By Francesca James, Social Media Manager, Fresh Business Thinking

In last month’s newsletter, social media consultant Mark Ralphs argued that influencer metrics are the ‘enemy of creativity’ and the ‘Emperor’s New Clothes’ of social media. I'd like to look at the other side of the coin and discuss how and why they might be good for your business.

In case you’re yet to stumble across influencer tools like Klout and PeerIndex, I'll explain what they are.

Both tools aim to act as a measurement of your overall online influence. PeerIndex and Klout calculate the ‘social capital’ of a person or business by using variables from social media sites such as Twitter and Facebook to give users a social media ‘influence’ score. The scores produced lie between 1 and 100, with 100 suggesting that someone has maximum influence, amplification and authority in their field.

So what has this got to do with my business?

Social media is an area that more business owners are becoming interested in and Mashable, a news source dedicated to covering digital culture, recently reported that social media is 'predicted to see one of the biggest increases in online marketing spending this year.'

When marketing your business, I'm sure that you'd agree that it would be useful to know which customers have influence on others when it comes to buying decisions. Social media offers businesses a chance to identify and target influencers and Klout and PeerIndex are useful tools to help you do this.

Azeem Azhar, CEO and founder of PeerIndex, has referred to the consultancy firm McKinsey & Co who 'reckon 20-50 percent of purchases involve a peer reference'.

Azeem says that:

'There are customers who are opinion leaders, and they tend to bring other customers with them. The marketing community is clearly interested in these individuals.'

Klout and PeerIndex are great tools for helping you find people of interest that align with your business and brand(s). At the moment, neither calculation is foolproof. However, they do offer an opportunity for you to engage with the people who are most visible on social networks and get them talking with you and - hopefully - about your brand.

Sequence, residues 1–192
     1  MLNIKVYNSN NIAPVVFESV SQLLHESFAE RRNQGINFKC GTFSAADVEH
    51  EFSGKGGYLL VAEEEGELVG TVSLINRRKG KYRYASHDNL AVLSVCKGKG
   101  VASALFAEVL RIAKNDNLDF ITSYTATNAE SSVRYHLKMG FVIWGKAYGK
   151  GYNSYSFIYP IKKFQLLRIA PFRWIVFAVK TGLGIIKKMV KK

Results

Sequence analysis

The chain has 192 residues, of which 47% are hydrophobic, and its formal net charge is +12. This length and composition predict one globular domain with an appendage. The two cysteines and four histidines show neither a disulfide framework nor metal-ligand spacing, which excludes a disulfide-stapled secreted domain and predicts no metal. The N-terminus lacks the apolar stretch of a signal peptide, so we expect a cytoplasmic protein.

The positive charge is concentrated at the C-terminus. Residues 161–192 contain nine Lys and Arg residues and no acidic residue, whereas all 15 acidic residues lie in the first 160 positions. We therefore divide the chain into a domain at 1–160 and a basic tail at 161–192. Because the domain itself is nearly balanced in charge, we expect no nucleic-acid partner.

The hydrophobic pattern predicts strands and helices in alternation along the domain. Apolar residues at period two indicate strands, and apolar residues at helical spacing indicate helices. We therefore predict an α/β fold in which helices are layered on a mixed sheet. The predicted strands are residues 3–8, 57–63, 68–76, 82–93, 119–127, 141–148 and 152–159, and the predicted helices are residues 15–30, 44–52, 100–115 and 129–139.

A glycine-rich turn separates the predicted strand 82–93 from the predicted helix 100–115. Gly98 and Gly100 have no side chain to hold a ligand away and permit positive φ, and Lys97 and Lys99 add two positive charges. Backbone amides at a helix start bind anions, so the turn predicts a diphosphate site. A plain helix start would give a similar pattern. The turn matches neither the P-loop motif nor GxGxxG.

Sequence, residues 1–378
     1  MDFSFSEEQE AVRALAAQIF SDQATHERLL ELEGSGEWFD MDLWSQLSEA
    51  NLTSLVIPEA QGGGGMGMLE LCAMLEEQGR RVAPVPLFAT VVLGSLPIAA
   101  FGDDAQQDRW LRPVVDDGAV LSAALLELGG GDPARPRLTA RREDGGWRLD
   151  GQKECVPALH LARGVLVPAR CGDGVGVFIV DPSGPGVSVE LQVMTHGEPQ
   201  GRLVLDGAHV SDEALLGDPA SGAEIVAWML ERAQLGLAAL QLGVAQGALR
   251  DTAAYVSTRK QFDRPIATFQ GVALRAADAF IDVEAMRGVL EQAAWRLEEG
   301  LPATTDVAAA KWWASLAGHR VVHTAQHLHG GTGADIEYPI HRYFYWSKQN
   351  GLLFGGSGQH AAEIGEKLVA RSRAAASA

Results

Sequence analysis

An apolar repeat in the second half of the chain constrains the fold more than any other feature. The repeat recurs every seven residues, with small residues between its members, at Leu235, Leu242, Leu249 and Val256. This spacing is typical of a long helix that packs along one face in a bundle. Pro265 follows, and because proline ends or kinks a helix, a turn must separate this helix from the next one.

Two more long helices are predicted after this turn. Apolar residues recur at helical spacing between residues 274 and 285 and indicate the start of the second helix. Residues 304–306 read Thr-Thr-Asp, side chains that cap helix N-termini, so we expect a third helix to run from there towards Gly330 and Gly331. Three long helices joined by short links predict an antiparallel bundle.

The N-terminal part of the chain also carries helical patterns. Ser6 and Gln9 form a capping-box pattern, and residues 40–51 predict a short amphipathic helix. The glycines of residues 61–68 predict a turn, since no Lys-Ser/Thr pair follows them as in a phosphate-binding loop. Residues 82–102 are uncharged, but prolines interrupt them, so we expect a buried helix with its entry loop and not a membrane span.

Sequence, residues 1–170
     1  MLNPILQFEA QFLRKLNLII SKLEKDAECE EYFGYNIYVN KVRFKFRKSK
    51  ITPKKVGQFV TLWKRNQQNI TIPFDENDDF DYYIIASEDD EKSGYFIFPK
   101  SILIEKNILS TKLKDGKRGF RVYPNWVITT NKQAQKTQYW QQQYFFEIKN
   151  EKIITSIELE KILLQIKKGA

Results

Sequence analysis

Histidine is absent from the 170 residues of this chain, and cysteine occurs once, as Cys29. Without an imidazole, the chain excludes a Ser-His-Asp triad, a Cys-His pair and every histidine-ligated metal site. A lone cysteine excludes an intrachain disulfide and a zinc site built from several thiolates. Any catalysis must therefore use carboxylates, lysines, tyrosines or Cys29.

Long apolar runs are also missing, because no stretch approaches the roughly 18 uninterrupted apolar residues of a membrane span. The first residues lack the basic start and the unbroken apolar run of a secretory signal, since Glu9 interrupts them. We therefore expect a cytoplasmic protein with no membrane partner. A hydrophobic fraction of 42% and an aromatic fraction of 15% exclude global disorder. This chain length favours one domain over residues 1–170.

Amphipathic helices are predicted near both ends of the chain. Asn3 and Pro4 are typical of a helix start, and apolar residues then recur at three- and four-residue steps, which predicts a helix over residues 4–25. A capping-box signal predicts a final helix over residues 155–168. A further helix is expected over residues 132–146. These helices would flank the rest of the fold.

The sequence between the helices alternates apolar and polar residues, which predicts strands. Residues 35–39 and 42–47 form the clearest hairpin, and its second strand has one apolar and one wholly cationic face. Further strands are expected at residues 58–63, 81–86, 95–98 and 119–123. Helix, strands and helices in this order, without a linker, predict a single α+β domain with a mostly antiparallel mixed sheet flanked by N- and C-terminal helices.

What about my own influence score?

Of course, if you're planning to capitalise on the social space, your own Klout & PeerIndex scores also matter. If you want to be positioned and seen as an expert then, by definition, you should have an online presence and that presence should have a high influence score.

If you are a business owner and representing your brand, then tools like these can be helpful in showing you how active and influential you are in your own networks - for potential customers, business partners and even employees (current and future).

Real life examples:

In its blog, Klout highlights online marketplace, Addoway, as one of the first companies looking to harness a return on social media influence scores: Addoway recently introduced a feature that allowed online sellers to display their Klout scores. The logic behind this was that it believes a high Klout score translates to confidence in the seller and trust in their integrity.

According to Klout, Addoway found that ‘sellers that display their Klout score on Addoway are five times more likely to make a sale than sellers that don’t.’

Fredrick Nijm, CEO of Addoway, said that ‘Klout is valuable information because it indicates advocacy and [shows] that trusted relationships have been formed. Bringing value to ecommerce by indicating an individual’s social status will only lead to safer buying decisions, because shoppers can make more confident decisions.’

This is the one of the first examples I’ve seen of social measuring tools being used in real purchasing decisions. Of course, these scores only have the relevance and weighting that we credit them with. If we buy into influencer metrics, they will become important and will end up influencing the decisions we make on a daily basis, in business and at home.

While I believe the Addoway example is an indication of what’s to come, these metrics still have a way to go before they earn a solid place in the business and purchasing world. One issue is that they can be gamed: if you play by the rules set by Klout and PeerIndex, your score will reap the rewards.

But these tools help us see how we measure up against other people and businesses in relevant markets and I think we should welcome them: any yardstick, however clumsy, is better than none.

Francesca blogs about social media and Internet marketing at Let’s Get Social
Follow Francesca on Twitter @francescaajames

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